JOPLIN, Mo. —
Tributes flowed Saturday when more than 250 people gathered at Missouri Southern State University to honor Julio Leon and to mark the naming of a campus building in honor of the former longtime university president.
“Visionary” was the word most frequently repeated by speakers in describing Leon’s leadership during a banquet held on the campus.
Leon was at the helm when what was then Missouri Southern State College was elevated to university status, they noted, and he also oversaw growth on the campus, including the construction of 16 buildings. Leon joined the university in 1976, first as a faculty member in the business department and later as dean. He was named president of the college in 1982 and served for 25 years before resigning in 2007.
The health sciences building, which was on the drawing board before his departure, now will be named the Julio S. Leon Health Sciences Center.
Interim President Alan Marble served as master of ceremonies.
The ceremony included a video tribute to Leon and his wife, Vivian, and remarks from Bill Putnam and Cynthia Schwab, both former members of the Board of Regents; Chad Stebbins, director of the Institute of International Studies; and John Tiede, a former business department professor and senior vice president at the university.
Putnam noted Leon served as interim president before regents named him to lead the institution.
“He was truly the right choice at the right time. We had his leadership for 25 years, and MSSU today is a reflection of that vision,” he said.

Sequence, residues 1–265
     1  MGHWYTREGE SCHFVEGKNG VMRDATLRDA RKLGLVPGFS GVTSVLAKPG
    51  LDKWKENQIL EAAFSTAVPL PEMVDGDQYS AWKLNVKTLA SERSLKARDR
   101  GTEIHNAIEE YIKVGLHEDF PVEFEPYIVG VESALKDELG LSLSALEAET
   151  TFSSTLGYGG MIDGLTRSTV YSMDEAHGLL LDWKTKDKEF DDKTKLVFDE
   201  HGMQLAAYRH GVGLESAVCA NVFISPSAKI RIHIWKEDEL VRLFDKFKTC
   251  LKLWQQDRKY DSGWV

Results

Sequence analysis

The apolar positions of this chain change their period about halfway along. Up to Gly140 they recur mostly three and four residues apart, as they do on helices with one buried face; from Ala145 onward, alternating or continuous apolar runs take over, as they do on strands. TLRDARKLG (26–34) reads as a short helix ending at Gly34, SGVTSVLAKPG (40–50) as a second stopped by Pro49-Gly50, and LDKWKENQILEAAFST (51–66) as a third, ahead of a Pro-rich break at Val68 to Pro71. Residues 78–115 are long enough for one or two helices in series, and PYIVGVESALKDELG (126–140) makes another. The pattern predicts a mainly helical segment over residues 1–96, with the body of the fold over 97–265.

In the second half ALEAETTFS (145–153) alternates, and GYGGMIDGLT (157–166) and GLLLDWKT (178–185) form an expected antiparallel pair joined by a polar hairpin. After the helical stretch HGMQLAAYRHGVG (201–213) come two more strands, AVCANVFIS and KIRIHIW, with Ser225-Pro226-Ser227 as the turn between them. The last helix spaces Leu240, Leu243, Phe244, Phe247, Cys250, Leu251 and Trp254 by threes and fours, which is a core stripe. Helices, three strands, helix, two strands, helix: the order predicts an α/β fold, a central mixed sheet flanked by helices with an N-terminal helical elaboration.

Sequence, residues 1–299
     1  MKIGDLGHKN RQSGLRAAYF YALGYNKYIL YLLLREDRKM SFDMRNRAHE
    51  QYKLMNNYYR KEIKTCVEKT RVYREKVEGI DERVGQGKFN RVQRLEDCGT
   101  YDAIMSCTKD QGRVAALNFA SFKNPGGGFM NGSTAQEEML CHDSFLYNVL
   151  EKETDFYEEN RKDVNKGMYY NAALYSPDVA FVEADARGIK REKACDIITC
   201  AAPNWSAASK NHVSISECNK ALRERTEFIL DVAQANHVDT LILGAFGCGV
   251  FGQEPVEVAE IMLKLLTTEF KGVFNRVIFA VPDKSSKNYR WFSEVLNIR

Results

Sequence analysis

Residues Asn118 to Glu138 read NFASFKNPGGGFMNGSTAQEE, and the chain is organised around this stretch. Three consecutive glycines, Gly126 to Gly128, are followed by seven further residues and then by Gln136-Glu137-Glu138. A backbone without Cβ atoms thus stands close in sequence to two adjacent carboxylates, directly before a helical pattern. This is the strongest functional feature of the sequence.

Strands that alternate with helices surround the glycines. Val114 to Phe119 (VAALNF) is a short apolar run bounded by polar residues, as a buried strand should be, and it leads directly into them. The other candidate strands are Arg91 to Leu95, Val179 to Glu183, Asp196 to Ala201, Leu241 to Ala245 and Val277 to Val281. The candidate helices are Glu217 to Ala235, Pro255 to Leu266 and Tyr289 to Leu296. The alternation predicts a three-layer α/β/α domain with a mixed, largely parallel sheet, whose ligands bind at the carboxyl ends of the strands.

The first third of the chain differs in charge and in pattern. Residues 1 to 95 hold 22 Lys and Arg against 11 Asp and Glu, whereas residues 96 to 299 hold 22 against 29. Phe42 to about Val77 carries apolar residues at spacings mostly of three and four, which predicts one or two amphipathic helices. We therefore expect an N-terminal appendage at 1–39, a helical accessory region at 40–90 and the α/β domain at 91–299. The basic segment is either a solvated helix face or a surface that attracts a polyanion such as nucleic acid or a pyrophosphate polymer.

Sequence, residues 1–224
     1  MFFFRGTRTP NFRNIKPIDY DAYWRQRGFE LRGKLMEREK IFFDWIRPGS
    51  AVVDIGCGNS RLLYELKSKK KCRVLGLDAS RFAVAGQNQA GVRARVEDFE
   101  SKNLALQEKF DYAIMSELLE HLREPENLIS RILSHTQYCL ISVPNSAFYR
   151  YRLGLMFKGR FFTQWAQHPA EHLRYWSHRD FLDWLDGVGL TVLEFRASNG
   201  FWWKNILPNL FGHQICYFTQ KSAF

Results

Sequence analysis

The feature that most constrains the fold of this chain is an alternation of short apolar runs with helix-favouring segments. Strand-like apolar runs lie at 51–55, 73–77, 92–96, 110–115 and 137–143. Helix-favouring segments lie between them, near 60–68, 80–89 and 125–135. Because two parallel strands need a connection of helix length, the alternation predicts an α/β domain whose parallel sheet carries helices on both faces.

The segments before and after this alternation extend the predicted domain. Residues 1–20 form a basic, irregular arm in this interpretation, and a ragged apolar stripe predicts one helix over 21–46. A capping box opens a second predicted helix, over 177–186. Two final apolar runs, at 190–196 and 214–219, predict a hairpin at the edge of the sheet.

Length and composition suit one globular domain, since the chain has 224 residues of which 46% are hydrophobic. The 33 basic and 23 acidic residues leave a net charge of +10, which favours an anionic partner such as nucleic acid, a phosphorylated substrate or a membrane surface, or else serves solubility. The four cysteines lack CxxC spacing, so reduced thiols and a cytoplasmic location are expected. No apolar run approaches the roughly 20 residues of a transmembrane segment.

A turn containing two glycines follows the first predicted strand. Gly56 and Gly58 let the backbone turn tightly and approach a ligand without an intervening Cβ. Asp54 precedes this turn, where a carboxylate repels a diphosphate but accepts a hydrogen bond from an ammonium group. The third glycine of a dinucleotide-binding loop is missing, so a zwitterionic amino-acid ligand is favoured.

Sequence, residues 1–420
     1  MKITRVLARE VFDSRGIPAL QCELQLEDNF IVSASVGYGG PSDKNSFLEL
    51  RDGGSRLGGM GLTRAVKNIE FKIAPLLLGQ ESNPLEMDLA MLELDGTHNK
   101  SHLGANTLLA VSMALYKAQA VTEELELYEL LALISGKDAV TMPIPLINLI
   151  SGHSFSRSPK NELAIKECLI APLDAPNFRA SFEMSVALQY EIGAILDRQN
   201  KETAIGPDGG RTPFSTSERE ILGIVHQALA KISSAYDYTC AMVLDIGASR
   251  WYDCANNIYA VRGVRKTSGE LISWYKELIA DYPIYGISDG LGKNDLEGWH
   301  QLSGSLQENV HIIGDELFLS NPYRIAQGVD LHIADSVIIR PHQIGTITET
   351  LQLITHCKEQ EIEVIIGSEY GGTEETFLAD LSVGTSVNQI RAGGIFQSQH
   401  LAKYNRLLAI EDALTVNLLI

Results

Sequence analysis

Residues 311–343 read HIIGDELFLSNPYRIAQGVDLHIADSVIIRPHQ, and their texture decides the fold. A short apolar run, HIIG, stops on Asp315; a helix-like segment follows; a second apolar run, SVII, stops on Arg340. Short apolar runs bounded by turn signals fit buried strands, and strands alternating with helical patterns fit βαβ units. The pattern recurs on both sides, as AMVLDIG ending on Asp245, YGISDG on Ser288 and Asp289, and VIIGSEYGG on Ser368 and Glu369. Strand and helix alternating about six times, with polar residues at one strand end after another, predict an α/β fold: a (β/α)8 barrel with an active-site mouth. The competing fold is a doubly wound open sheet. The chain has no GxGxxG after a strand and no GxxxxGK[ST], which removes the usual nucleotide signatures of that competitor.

Leon also started the university’s international mission, which now has grown into the Institute of International Studies.
“It was his vision to give every student a global experience. Nearly 3,000 MSSU students have studied abroad,” Stebbins said.
In remarks prior to the banquet, Leon discussed his affection for the university and said the idea that a building is to be named in his honor “still hasn’t fully sunk in.
“But to be recognized this way is fantastic; it’s a great honor,” he said.
He also paid tribute to former legislators who were supportive of the university financially and in advancing its status during this tenure, particularly former state Sen. Richard Webster, of Carthage, and former state Rep. Gary Burton, of Carl Junction.
Leon now is special adviser to the executive vice chancellor for Academic Affairs at the University of Texas system, in charge of creating a university and medical school in South Texas. The new University of Texas Rio Grande Valley will open in August 2015.
Saturday’s program also included a piano performance by Seth Ernst in honor of Vivian Leon, who founded the Missouri Southern International Piano Competition.